Juba (South Sudan), July 10 (ANI): Residents of newly formed South Sudan have sought India's assistance in building of infrastructure in their country after celebrations to mark the first independence day on Saturday.
Thousands of South Sudanese danced and cheered at Dr. John Garang Mausoleum, as their new country formally declared its independence, after a hard-won separation from the North that plunged the fractured region into a new period of uncertainty.
South Sudan's President Salva Kiir stood next to his five decade old civil war foe, the President of North Sudan, Omar Hassan al-Bashir, who now leads the north, at the ceremony to mark the birth of Africa's 54th state.
Representatives from around the world, including Indian Vice-President Hamid Ansari, attended the celebrations and pledged for peace and development in the world's newest country.
An elated local, Akok M. Madut described it as the happiest moment of their lives as they were fighting for it for a century.
He said the country is looking forward to India as it has lots in store for South Sudan, especially in the field of information technology and education.
"I can say for all South Sudanese and Africans all over the world, I think it is a great day, very big day because people have been fighting for almost hundred years. So that when we lead today for the final day, everyone will be happy whether in the rural areas or the urban areas. Everyone is feeling good for today because they get what they were wanting for a century," said Madut.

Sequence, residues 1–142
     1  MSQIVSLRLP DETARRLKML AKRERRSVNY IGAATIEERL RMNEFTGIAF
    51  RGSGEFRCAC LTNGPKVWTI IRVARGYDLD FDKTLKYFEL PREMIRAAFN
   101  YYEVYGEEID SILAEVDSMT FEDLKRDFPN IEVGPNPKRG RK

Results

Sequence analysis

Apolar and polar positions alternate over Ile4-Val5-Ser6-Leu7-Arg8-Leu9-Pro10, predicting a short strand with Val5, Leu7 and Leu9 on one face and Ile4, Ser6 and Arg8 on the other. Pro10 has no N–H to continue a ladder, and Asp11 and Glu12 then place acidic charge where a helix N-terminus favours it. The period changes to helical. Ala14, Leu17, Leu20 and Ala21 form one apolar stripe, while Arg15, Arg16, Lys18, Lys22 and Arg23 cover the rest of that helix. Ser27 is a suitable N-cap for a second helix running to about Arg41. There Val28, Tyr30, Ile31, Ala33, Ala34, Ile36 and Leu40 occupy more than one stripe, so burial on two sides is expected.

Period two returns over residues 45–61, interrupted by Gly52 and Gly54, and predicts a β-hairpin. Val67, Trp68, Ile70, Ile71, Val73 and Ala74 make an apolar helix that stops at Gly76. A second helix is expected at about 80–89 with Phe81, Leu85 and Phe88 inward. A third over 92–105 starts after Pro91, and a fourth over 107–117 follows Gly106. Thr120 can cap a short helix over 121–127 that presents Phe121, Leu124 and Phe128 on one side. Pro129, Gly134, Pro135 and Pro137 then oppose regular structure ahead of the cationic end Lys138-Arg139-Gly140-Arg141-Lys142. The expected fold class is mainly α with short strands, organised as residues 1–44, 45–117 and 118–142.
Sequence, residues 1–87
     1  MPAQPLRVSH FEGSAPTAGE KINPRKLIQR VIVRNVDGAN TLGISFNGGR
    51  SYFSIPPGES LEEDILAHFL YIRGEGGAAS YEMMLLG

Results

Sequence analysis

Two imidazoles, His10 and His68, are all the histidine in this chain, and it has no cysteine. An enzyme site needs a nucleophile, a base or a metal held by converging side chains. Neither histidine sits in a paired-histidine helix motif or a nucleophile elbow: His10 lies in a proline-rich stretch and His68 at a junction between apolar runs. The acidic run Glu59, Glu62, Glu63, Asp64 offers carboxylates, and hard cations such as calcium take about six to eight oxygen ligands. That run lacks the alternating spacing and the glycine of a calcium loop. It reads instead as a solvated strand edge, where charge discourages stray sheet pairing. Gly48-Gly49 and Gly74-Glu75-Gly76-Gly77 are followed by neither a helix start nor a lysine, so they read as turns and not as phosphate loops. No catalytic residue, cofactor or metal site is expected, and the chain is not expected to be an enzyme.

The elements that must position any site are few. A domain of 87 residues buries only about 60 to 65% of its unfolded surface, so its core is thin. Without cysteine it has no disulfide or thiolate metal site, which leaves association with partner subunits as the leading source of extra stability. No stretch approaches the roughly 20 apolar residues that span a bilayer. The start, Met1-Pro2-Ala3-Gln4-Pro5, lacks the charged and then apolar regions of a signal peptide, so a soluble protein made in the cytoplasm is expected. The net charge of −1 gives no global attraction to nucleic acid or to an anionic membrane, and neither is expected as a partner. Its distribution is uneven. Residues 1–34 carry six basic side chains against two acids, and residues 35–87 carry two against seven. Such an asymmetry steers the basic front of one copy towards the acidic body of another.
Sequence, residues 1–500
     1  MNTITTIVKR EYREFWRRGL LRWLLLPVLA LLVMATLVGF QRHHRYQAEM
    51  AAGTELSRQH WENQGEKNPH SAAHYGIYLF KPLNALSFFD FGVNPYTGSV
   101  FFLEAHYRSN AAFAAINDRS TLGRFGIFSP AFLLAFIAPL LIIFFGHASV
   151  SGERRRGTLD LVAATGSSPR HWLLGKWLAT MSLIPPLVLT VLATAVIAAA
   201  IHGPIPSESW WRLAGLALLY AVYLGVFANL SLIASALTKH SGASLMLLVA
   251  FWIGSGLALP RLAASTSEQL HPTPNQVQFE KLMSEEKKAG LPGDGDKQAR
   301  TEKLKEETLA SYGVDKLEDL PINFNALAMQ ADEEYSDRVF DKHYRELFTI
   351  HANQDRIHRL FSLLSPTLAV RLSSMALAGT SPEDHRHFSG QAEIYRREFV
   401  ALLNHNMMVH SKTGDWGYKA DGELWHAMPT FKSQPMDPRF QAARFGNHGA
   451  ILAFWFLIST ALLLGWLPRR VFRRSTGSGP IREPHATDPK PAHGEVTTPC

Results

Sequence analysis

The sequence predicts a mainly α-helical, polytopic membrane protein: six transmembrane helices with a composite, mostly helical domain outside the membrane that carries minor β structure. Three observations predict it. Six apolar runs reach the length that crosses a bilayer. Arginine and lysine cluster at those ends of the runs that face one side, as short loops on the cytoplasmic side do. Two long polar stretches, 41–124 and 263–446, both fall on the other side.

"I think India has a far of the emerging economic state. India has a lot of things to do for South Sudan. Specially, India is the best in nowadays for Information Technology, for best education, for the best of the service like. ...education, analysis and others. I think that is best first country in Asia for buying something for South Sudan especially," he added.
Ansari laid a wreath at the mausoleum of Dr. John Garang, the late rebel army leader who is considered the father of the nation.
Africa's newest nation wants global help for development in education, health, medical and infrastructure.
"See it as a base of great hope. I was here 32 times during the war that is why I have place of honour now because with people in the dark times, they are frenzying good times and I was here 32 times with humanitarian aid and telling around what is happening. And in those days, today was not possible. Now the people have courage. They are good people and I wish them every success," said Baroness Cox, Chief Executive of Humanitarian Aid Relief Trust, Queensbury.
"It needs economic investment. They have tremendous economic potential. They are good and honest people, they are good workers; it needs help for health care. They have to resist worst in the world, help in the education, last generation not at all had no education, no schooling. All they had was frenzying. They are good people, they deserve the freedom and deserve help," she added.
North and south Sudan fought Africa's longest civil war, but the former enemies signed a peace deal in 2005, which eventually led to Saturday's independence.
Oil-rich South Sudan on Saturday became the world's newest country, splitting away from Khartoum-ruled north after decades of brutal war that claimed some two million lives. By Ravi Khandelwal (ANI)